Jonathan Culler is the Class of 1916 Professor of English and Comparative Literature at Cornell University. He is also a former President of the American Comparative Literature Association. He is one of the most prominent voices in critical theory and has written extensively on French literature and literary theory,. His publications include Barthes: A Very Short Introduction, Flaubert: The Uses of Uncertainty, Structuralist Poetics, Roland Barthes, Ferdinand de Saussure, On Deconstruction, Literary Theory: A Very Short Introduction, and The Literary in Theory.
His Keynote Talk, “Late Barthes,” will examine how the work of the late Barthes (especially the Barthes of the courses at the Collège de France) relates to the early works that made him famous, such as Le degré zero de l’écriture, Mythologies, Essais critiques, and S/Z.”
Rosalind E. Krauss
Rosalind E. Krauss is a Professor of Art History at Columbia University. She is also co-founder of the academic journal October. She has written extensively on modernist art, photography, the avant-garde, and concepts such as “formlessness,” “the optical unconscious,” and “pastiche.” Her publications include The Originality of the Avant-Garde and Other Modernist Myths, The Optical Unconscious, and Under Blue Cup. She also translated, along with Denis Hollier, Roland Barthes’ The Neutral: Lecture Course at the Collège de France.
Her Keynote Talk, “Roland Barthes in biographeme,” will discuss what, in Sade, Fourrier, Loyola, Barthes speaks of as a writer’s unique style, which he also names the writer’s charms. She will be tracing Barthes’ consistent treatment of the Obtuse Meaning and the “nothing to say” of signifiance.
Diana Knight is a Professor of French at the University of Nottingham. She has written extensively on Roland Barthes, as well as 19th century French fiction. Her publications include the monograph Barthes and Utopia: Space, Travel, Writing, “Structuralism Utopian and Scientific,” “S/Z, Realism and Compulsory Heterosexuality,” ‘Barthes and Orientalism,” and “Roland Barthes in Harmony.” She has also edited the volume Critical Essays on Roland Barthes.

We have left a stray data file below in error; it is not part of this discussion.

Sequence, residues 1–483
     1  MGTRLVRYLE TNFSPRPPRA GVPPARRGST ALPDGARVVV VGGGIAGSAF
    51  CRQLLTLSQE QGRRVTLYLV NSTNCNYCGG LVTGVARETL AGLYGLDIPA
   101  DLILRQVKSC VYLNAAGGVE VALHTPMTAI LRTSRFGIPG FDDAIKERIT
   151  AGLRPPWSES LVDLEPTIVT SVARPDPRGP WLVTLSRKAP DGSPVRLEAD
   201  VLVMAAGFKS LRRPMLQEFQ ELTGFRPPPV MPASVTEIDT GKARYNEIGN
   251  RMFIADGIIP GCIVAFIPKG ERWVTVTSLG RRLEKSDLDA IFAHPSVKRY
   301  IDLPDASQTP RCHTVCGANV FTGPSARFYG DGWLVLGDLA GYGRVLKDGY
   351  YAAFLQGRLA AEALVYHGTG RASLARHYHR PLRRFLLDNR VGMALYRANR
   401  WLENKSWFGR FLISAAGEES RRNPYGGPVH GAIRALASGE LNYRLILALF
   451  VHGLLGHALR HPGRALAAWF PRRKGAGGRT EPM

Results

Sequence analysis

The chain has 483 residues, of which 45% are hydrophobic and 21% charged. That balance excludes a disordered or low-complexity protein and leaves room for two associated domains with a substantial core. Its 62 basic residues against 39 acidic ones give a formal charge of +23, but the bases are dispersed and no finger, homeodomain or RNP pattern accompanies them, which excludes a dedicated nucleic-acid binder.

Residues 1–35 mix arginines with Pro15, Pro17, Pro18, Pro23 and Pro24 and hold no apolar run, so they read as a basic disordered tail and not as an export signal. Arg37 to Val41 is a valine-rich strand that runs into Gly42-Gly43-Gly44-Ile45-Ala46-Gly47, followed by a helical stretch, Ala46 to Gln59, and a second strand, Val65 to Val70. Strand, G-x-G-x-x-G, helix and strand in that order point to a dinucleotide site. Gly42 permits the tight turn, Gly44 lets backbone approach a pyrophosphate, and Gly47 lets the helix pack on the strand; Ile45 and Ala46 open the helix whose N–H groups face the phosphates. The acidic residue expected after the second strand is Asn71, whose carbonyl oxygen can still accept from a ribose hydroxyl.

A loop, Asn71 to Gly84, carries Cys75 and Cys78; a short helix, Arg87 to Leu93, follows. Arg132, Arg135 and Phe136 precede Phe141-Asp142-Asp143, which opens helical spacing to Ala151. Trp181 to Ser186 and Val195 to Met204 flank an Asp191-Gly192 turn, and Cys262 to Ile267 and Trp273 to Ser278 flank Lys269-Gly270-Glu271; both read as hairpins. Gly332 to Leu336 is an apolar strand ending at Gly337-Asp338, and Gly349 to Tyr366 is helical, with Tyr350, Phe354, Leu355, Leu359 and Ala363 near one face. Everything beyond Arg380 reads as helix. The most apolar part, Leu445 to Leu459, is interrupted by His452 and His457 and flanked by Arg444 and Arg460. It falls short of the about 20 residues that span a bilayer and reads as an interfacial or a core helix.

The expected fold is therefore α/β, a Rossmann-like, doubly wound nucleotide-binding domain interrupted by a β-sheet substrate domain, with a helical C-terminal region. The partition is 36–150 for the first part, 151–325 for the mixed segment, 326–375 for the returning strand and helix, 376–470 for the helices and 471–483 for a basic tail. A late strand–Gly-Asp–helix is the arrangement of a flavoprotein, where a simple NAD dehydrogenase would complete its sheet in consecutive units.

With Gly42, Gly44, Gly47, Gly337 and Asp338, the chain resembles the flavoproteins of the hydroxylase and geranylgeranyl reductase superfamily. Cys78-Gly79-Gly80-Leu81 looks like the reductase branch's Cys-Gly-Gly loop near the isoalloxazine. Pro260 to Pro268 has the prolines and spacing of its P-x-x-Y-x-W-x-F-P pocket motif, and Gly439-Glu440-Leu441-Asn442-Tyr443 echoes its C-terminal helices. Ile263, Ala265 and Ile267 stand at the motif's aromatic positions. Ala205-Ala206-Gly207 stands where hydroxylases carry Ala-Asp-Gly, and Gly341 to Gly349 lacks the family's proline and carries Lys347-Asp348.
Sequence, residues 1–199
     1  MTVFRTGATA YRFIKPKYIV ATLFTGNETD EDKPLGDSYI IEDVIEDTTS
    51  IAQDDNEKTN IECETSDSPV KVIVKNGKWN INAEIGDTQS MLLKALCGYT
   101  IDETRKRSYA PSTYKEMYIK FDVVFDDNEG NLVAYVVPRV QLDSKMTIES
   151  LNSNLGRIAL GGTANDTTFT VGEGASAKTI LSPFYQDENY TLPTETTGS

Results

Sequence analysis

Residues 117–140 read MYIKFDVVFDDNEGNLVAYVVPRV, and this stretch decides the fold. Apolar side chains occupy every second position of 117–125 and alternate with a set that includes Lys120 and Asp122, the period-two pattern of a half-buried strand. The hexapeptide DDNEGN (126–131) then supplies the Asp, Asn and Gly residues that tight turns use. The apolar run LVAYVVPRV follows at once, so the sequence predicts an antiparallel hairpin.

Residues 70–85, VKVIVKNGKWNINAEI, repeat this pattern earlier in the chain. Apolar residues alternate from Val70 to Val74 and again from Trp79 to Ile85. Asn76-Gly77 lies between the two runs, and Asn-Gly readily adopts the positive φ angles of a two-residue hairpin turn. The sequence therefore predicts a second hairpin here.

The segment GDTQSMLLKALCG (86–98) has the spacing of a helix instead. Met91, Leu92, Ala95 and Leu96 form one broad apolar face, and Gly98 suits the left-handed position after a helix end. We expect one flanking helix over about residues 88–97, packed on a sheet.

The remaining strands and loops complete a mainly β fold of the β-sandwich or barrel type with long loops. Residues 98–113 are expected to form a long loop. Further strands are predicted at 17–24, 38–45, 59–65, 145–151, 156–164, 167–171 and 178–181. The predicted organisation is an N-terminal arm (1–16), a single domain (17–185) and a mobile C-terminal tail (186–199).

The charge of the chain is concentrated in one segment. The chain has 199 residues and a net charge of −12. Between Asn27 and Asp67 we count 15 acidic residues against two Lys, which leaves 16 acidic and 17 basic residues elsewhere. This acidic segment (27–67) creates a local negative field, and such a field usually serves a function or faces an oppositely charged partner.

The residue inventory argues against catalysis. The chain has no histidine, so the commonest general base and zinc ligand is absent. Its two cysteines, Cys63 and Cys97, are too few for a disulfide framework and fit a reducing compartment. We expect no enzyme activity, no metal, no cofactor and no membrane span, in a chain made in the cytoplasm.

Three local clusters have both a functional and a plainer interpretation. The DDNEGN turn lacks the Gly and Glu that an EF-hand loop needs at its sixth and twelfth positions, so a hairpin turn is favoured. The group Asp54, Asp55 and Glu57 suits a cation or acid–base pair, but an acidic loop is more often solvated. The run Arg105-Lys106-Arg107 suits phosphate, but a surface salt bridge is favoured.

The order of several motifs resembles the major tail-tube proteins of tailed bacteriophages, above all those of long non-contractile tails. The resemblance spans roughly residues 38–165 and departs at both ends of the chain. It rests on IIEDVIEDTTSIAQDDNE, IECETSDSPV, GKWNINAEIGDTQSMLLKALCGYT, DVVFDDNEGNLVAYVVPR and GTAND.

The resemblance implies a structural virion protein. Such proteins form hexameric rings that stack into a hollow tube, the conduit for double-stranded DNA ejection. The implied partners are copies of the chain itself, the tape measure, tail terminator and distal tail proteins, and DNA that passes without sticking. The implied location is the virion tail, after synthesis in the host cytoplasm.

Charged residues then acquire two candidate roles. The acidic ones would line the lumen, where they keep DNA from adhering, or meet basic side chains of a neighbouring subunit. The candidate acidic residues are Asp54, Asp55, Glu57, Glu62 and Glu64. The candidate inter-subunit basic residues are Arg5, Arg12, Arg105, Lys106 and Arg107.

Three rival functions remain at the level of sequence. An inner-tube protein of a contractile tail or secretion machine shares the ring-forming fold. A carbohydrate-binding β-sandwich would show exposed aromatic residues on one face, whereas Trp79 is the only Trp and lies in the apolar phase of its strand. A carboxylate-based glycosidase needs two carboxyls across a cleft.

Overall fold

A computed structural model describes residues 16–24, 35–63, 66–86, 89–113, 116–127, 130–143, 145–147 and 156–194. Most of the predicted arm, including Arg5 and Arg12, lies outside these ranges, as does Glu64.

D.A. Miller is the John F. Hotchkis Chair in English at the University of California at Berkeley. He has written extensively on nineteenth-century fiction, film, and gay and cultural studies. His publications include Bringing out Roland Barthes, The Novel and the Police, 8½, and Narrative and its Discontents: Problems of Closure in the Traditional Novel.
Lucy O’Meara is a Lecturer in the French department at the University of Kent. She has written extensively on literary theory, including post-war French theory. Her publications include Roland Barthes at the Collège de France, “‘Not a Question but a Wound:’ Adorno, Barthes and Aesthetic Reflection,” “Atonality and Tonality: Reading Roland Barthes’s Lectures at the Collège de France Through Musical Analogy,” and “‘L’Affaire Barthes’ and Ownership of the Voice.”
The Keynote Roundtable will feature D.A. Miller in conversation with Diana Knight and Lucy O’Meara. Titled “New Lives, Old Barthes,” their panel will explore whether “late Barthes” (College de France lectures and other very late material like the diaries and the Vita Nova plans) is really a break with all Barthes’s earlier work.